If you’re sober curious, wonder about the positive effects sobriety could have on your life, or you want to show support for someone in your life who’s trying to get sober or is in recovery, consider participating in Sober October.
Sober October coincides with Substance Abuse Prevention Month and is an opportunity to try out a sober lifestyle, even if you don’t feel your drinking is problematic or aren’t considering a life-long commitment to sobriety.
You can take the opportunity to renew your perspective by abstaining from substances. It may also give you more insight into how a loved one struggling with sobriety or in recovery might feel.
What Is Sober October?
Sober October is thought to have started around a decade ago overseas. However, in 2017, comedian Joe Rogan popularized it in the U.S. on his podcast. Rogan wanted to provide support for a friend and fellow comedian struggling with alcohol. He created a challenge to abstain not just from alcohol but also substances like marijuana during the month of October. Since then, Rogan has continued the challenge each fall.
With high rates of alcohol abuse in Washington and Oregon and substance abuse deaths related to other drugs like opioids, substance abuse prevention is more important than ever. For example, in Washington in 2018, there were 737 opioid overdose deaths. In 2018, Governor Kate Brown declared a public health emergency for substance and alcohol abuse.
What Are the Rules?
The only real “rule” for Sober October is abstaining from substance use for the month. Sober October is most commonly associated with alcohol, but you could do it with any substance. You could also include other habits you’d like to break in your personal challenge, or you could add commitments such as regularly exercising.
Whether you do it alone or with friends, make Sober October something that you commit to doing for yourself first and foremost. If you have specific rules you want to follow or other goals during this time, consider writing them down. When you write things down, it makes it more likely you’ll stick with them.
Alternative Ideas to Drinking
If you’re used to drinking in different circumstances, it can be challenging to adjust to not having alcohol. Filling your time with things that are productive or that you enjoy can help you with the challenges of Sober October. Alternatives to drinking include:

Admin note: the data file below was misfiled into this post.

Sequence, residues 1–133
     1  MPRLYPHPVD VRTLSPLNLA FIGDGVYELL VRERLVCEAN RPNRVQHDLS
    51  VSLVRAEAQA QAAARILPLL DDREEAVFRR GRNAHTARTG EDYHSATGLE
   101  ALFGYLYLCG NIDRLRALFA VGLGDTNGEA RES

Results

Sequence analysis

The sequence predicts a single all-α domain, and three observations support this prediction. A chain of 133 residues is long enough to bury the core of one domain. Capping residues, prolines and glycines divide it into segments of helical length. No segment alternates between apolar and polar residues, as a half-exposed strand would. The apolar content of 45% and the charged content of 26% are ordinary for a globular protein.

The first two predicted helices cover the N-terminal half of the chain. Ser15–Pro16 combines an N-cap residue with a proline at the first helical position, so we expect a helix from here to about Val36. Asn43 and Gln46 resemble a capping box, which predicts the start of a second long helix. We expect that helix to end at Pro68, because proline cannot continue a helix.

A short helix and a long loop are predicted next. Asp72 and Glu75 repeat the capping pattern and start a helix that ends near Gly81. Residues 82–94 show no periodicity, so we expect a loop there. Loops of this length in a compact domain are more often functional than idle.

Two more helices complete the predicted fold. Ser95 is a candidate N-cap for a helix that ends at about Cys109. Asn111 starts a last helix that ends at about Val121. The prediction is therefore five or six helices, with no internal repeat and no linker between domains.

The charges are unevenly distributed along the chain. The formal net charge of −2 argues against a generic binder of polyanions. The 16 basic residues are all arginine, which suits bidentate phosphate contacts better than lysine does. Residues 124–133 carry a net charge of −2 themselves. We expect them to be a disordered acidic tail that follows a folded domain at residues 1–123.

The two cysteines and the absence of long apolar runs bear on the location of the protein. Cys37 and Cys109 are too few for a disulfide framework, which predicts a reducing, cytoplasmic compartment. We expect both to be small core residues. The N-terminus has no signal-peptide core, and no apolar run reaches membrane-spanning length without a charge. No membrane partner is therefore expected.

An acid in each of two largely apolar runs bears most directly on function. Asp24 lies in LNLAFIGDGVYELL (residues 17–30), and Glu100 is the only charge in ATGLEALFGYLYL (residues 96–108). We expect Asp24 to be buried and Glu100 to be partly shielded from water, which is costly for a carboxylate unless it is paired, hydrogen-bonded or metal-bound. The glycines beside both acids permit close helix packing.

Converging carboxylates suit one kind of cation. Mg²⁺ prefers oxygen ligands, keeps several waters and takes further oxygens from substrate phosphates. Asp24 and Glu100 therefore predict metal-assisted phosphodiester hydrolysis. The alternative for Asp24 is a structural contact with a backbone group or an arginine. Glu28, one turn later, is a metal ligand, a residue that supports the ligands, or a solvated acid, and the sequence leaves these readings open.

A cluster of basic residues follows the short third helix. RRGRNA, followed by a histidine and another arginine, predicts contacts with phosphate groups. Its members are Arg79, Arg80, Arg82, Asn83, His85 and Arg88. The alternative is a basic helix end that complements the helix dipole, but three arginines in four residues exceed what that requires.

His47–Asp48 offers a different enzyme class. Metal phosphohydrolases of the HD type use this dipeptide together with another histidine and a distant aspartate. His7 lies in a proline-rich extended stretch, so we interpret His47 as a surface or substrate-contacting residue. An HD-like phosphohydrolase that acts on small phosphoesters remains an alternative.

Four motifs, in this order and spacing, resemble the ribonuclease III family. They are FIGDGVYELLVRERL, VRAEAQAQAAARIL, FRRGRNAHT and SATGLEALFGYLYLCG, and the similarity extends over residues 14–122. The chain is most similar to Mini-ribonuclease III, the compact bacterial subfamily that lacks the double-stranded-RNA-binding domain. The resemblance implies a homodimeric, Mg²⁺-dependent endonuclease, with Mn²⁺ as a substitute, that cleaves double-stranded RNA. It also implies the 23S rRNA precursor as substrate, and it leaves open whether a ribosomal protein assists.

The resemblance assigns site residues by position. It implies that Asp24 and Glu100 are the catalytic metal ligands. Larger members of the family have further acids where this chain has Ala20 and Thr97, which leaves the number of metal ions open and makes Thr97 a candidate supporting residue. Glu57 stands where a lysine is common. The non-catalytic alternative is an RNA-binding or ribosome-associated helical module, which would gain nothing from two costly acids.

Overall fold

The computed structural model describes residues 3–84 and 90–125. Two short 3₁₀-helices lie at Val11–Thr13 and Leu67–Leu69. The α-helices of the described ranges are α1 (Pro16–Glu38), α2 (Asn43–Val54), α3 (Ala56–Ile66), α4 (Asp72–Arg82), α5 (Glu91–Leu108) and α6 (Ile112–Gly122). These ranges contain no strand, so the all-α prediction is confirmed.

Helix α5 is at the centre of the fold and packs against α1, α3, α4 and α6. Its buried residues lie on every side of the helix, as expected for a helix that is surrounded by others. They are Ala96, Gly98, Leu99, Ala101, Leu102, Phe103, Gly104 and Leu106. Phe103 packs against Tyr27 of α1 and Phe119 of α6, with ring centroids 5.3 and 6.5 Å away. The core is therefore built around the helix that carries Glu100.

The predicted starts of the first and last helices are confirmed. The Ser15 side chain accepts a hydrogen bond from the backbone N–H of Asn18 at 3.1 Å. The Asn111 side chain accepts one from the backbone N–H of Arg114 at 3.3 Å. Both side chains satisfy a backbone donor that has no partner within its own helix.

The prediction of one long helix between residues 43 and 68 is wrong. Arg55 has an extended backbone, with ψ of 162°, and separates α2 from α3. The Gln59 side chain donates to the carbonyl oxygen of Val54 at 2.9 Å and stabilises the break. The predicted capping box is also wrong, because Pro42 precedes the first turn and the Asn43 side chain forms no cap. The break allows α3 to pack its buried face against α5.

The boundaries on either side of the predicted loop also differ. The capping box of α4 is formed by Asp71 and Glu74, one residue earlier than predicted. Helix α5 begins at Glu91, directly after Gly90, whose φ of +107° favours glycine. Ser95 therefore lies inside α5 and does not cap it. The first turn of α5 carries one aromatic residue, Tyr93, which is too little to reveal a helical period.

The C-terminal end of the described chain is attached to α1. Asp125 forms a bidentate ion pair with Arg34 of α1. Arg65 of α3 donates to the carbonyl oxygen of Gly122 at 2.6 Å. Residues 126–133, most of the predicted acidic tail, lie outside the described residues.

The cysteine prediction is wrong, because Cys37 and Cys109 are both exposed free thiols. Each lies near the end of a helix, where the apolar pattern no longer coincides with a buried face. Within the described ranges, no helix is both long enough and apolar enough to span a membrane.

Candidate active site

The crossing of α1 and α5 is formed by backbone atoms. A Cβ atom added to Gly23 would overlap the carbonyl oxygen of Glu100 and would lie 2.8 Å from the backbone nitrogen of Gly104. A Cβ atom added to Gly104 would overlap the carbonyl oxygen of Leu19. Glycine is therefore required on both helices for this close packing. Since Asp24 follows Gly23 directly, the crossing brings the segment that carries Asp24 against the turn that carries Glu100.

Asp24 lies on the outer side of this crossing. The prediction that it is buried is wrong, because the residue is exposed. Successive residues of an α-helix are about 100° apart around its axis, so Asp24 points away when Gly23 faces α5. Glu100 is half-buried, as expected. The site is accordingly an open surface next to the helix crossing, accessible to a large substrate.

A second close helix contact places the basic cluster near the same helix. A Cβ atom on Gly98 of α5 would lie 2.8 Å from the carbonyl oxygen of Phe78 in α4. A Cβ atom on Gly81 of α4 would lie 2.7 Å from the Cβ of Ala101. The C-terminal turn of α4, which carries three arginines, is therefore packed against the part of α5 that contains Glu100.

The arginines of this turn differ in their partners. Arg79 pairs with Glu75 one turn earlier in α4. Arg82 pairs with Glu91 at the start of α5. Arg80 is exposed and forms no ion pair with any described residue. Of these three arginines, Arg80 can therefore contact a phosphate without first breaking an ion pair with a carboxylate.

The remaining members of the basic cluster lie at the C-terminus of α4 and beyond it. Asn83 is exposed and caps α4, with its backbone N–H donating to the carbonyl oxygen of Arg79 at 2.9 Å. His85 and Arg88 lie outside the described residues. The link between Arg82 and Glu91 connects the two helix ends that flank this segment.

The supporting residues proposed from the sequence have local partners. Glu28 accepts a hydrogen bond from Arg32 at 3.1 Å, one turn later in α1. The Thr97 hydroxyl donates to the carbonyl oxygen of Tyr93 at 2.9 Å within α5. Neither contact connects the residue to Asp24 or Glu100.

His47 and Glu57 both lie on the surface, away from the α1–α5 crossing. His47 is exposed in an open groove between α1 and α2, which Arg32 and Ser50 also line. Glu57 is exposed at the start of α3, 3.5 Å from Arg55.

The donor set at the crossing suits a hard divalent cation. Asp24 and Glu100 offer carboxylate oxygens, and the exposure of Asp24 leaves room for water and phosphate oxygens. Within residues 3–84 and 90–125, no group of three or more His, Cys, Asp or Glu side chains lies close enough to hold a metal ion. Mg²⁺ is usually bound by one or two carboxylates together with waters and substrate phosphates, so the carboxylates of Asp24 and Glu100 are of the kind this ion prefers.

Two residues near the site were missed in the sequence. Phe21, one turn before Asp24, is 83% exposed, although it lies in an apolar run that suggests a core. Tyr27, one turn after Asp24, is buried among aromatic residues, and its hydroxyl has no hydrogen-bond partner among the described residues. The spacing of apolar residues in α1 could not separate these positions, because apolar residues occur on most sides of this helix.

- Start a new workout. You can do this at home, or you can gather a group of friends and do workout challenges together.
- Create mocktails and experiment with different recipes.
- Practice mindfulness meditation. Learning to be mindful can become a coping mechanism you eventually rely on to deal with anxiety.
- Participate in a book club with your friends, whether in person or via Zoom.
Whether you’re participating in Sober October or someone who struggles with alcohol, it’s important to change your routine and do things that are different from what you associate with drinking.
Benefits of Sobriety
When you’re sober, even for only a month, it can help provide you with a sense of perspective and an opportunity to observe what helps you feel your best. Benefits of sobriety include:
- Without the effects of alcohol, you’re likely to feel more clear-headed. Cutting out alcohol can reduce brain fog, improve your memory and help you be more productive at school or work.
- When you step outside your comfort zone and challenge yourself, it can help you feel like you can achieve other things in your life.
- If you struggle to feel like you’re getting enough quality sleep, cutting out alcohol can help. Alcohol diminishes the quality of your sleep and may be a big reason why you have trouble staying asleep or why you don’t wake up feeling refreshed.
- If you have anxiety or depression, alcohol can make symptoms worse. Not drinking can help you better manage your symptoms.
- You may feel physically better and more energetic without alcohol.
Challenges Those in Recovery Face
When someone is in recovery, they can face substantial challenges, particularly in the early days. For example, they may go through detox and withdrawal symptoms. It can also be difficult to face underlying issues and effects of addiction, and begin the hard work of rebuilding relationships and your life.
Participating in Sober October gives you the chance to experience both the benefits and the obstacles of getting sober and gain perspective into what it might be like for a loved one in recovery.
If you or a loved one need help getting sober and starting your recovery journey, we can help. Contact The Recovery Village Ridgefield to learn more about addiction treatment and a treatment plan that can meet your needs.SOURCES
- NIH National Institute on Drug Abuse. “Washington: Opioid-Involved Deaths and Related Harms.” April 3, 2020. Accessed October 2, 2020.
- Monahan, Rachel. “Nobody Can Beat Oregon for Drug Use and Abuse.” Willamette Week, October 2, 2019. Accessed October 2, 2020.